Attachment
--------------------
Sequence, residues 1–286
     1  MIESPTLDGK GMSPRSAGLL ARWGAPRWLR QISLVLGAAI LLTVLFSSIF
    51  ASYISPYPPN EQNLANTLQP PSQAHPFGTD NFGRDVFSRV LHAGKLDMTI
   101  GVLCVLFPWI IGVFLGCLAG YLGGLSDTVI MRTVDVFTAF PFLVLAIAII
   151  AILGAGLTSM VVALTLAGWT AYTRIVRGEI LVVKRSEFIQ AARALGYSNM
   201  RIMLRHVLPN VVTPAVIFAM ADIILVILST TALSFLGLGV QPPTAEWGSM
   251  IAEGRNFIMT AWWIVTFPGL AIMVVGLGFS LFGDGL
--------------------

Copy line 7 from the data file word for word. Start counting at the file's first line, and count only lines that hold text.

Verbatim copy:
   251  IAEGRNFIMT AWWIVTFPGL AIMVVGLGFS LFGDGL